In part 1, I outlined four powerful ways to maximize your blog posts. You can create videos, design infographics, use different facts and anecdotes from the content to create a series of social shares, and compose new content around offshoot topics to provide contextual inbound links and maximize the value of each blog post.
In part 2, we’ll take a look at five additional ways that a great blog post can be used to generate more clout, conversation, traffic, and ROI.
1. Guest Posting as an Expert
Easier said than done, guest posting has become one of the toughest things to do. It’s easy to get in when you approach an emerging blog or low-quality website, but webmasters of high-quality, unique, and highly informative websites are understandably wary of granting new guest blogging requests.
It’s quite obvious why. They have an established reputation, they value every one of their readers, and they want to push only the best content available.
When you consistently publish high-quality posts on your blog — ideally peppered with images, infographics, videos, or other media like Slideshare slide decks — you’re building a strong portfolio that can be referenced when you pitch for a guest blogging opportunity. Remember, we talked about guest blogging when we spoke about offshoot topics (item #4 in part 1). This is different.
The best way to maximize your blog post is by using it to pitch for a guest blogging opportunity. And what’s interesting is that in many cases, you can actually write on the same topic as your original blog post (although you’ll want to approach it from a different angle).
2. Create Slides / Presentations
Information that can be provided in chunks goes down well. It’s received easily. Slides and presentations are fine examples of this kind of information delivery. But of course, you’ve got to do them correctly.
As an example, this very article could be converted into a beautiful slide deck presentation, and I could use it to share on websites that accept slide deck presentations, like Slideshare.
This wouldn’t require much extra time to do. All the research and content has already been done. I’d simply re-purpose the content into a different format — in this case, slides — and I could then use those as a new form of content to spread the word across additional, new media channels, thereby extending my reach and audience.
Creating slides from great content that can be cut into chunks is a seriously underrated tactic.
3. eBooks, Reports, Emails
Another method of re-purposing content is a surprisingly old one: create eBooks out of existing content. Tie up several blog posts around a particular topic and create a PDF out of it. Or, follow the same principle as in item #2 above (slides / presentations), and create a PDF out of that.
This strategy can be used not just to lure more people to your website, but also to collect emails and facilitate social sharing. Interestingly, this practice has also been modified of late to create a series of posts and then send them out via email on a steady and regular basis — as weekly or daily lessons.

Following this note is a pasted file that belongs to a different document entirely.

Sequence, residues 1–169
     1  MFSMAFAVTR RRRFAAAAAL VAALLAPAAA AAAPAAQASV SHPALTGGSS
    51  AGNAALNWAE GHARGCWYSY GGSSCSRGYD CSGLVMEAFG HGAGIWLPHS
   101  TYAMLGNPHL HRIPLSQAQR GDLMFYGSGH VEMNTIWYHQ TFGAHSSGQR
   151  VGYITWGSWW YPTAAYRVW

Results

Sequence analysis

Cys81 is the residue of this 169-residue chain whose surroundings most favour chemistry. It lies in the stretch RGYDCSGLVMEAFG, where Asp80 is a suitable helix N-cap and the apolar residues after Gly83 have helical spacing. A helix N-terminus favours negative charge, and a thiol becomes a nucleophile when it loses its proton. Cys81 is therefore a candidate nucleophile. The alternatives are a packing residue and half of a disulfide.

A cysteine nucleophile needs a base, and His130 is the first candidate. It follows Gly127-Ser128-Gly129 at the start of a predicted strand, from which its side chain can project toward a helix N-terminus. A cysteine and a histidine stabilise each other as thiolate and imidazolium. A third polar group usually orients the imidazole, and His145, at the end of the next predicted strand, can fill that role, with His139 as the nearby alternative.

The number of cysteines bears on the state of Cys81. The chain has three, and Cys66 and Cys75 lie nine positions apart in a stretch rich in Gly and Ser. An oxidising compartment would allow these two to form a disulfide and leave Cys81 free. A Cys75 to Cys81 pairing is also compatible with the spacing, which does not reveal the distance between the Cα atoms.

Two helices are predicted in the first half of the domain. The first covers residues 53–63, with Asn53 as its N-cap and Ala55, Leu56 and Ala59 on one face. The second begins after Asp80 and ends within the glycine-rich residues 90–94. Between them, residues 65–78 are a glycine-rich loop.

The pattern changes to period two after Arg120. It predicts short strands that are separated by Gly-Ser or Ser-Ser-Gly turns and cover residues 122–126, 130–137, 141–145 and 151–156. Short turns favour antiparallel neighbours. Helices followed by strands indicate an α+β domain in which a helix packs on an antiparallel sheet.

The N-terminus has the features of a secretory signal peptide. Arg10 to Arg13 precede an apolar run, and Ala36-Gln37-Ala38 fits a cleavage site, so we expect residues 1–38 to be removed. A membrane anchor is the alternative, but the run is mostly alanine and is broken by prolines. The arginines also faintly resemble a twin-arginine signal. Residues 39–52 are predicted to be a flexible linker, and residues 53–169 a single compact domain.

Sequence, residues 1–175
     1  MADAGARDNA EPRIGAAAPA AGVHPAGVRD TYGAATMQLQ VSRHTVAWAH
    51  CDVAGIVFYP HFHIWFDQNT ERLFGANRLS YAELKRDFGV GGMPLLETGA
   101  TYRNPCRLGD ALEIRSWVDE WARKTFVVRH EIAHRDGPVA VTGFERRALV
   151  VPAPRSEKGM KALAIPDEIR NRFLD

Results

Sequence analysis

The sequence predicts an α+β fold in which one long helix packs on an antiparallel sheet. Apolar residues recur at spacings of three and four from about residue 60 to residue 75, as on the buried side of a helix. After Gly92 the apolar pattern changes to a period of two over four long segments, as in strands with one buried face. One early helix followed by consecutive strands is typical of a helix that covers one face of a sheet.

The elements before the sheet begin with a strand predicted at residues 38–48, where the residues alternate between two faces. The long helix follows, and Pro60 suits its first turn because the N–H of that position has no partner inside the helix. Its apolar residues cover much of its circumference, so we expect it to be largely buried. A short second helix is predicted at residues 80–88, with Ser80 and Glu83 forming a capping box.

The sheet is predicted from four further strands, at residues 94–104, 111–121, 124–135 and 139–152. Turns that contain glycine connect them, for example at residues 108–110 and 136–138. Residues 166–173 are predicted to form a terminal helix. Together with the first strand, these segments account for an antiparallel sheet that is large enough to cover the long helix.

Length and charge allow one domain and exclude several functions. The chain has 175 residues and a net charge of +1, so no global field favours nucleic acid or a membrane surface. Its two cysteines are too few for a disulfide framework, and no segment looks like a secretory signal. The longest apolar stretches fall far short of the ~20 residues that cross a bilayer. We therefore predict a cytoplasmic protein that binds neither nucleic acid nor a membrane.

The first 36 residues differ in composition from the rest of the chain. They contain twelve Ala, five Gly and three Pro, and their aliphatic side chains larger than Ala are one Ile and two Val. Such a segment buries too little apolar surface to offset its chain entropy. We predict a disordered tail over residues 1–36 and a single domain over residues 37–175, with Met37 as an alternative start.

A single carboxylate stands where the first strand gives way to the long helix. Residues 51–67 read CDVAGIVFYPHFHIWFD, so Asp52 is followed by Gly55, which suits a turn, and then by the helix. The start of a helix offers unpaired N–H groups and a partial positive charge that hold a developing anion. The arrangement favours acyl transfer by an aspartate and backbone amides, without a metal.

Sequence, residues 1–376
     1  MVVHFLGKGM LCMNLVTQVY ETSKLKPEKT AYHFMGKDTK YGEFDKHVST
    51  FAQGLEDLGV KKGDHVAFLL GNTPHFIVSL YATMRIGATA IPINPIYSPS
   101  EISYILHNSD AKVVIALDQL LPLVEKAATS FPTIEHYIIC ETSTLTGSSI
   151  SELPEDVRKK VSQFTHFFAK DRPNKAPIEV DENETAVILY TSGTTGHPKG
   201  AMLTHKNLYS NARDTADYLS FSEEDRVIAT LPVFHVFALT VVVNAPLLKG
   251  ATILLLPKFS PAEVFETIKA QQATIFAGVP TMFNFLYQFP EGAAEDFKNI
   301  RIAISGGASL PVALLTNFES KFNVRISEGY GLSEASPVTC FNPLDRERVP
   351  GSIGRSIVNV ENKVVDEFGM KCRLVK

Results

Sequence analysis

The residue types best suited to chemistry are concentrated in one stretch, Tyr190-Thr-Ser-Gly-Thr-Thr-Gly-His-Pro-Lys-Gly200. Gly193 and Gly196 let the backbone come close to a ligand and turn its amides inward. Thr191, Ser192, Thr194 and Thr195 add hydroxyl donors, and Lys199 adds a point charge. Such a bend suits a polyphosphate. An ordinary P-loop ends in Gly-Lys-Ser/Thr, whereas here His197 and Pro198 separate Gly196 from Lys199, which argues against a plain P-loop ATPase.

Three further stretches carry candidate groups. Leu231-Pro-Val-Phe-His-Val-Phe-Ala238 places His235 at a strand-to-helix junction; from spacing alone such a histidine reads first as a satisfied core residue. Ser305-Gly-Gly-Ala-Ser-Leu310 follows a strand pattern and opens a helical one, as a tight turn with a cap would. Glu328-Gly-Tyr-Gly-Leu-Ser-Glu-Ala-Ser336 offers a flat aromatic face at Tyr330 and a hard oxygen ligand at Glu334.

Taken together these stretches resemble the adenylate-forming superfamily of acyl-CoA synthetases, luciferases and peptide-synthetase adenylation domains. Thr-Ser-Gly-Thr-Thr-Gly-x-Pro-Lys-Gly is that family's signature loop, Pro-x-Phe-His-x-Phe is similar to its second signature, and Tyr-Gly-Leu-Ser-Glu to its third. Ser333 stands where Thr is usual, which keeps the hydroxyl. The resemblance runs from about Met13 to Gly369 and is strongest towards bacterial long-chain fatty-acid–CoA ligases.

Again, as an example, I could create a free nine-part course out of these two articles on maximizing your blog post, and use them as bait to attract potential customers.
4. Do Interviews
No matter what topic you might want to address, there are experts out there who’ve been doing it for long time, better, or in an innovative way. If you can catch up with one them and get him or her to do an interview, you’ve got another piece of high-quality content (whether as video, audio, or text) that will be helpful for your readers / target market.
In the age of interconnectedness, Twitter, and email, there’s really nothing to stop you from reaching out to these experts. You might be surprised by how many of them are more than eager to share valuable information — and not because they want to get their names published. They are genuinely willing to help!
I did an interview with Neil Patel discussing link building in 2013. Here it is:
If you can do video interviews, you’ve got a gold mine: you can share the video on blogs, you can transcribe the interview and come up with a blog post, and you can also go on to create slides, short reports, and possibly even clips of edited video that are short (so people are again motivated to look at it).
5. Generate Conversation / Debate
This one can be a little challenging.
Some websites use each new blog post to generate conversations on their forums as soon as it is published. Examples include AppleInsider and MacRumors, which use a comment+forum post system. You can replicate that if you have an active forum or discussion board where people take notice of new posts.
There are other ways to generate a conversation, though. You have websites like Inbound.org (for inbound marketing-related topics) and HackerNews (which tackles tech-related topics). Almost every niche has a popular discussion board of some sort where the brightest of minds in the field meet up. Share your blog posts here, not just for traffic or links, but for genuine conversations. These can help you refine your blog posts, as well, which may be the most useful and productive effect they can have for you.
So there you go. One blog post can actually serve as the staple for nearly a month’s worth of activity that creates enormous value around it. Ultimately, you have to keep your readers in mind every time you create something: Is it truly useful for your readers / target market without being repetitive?
If the answer is yes, you’ve hit the jackpot.
Want more information on content marketing? Head over to our comprehensive guide on content marketing here: The All-in-One Guide to Planning and Launching a Content Marketing Strategy.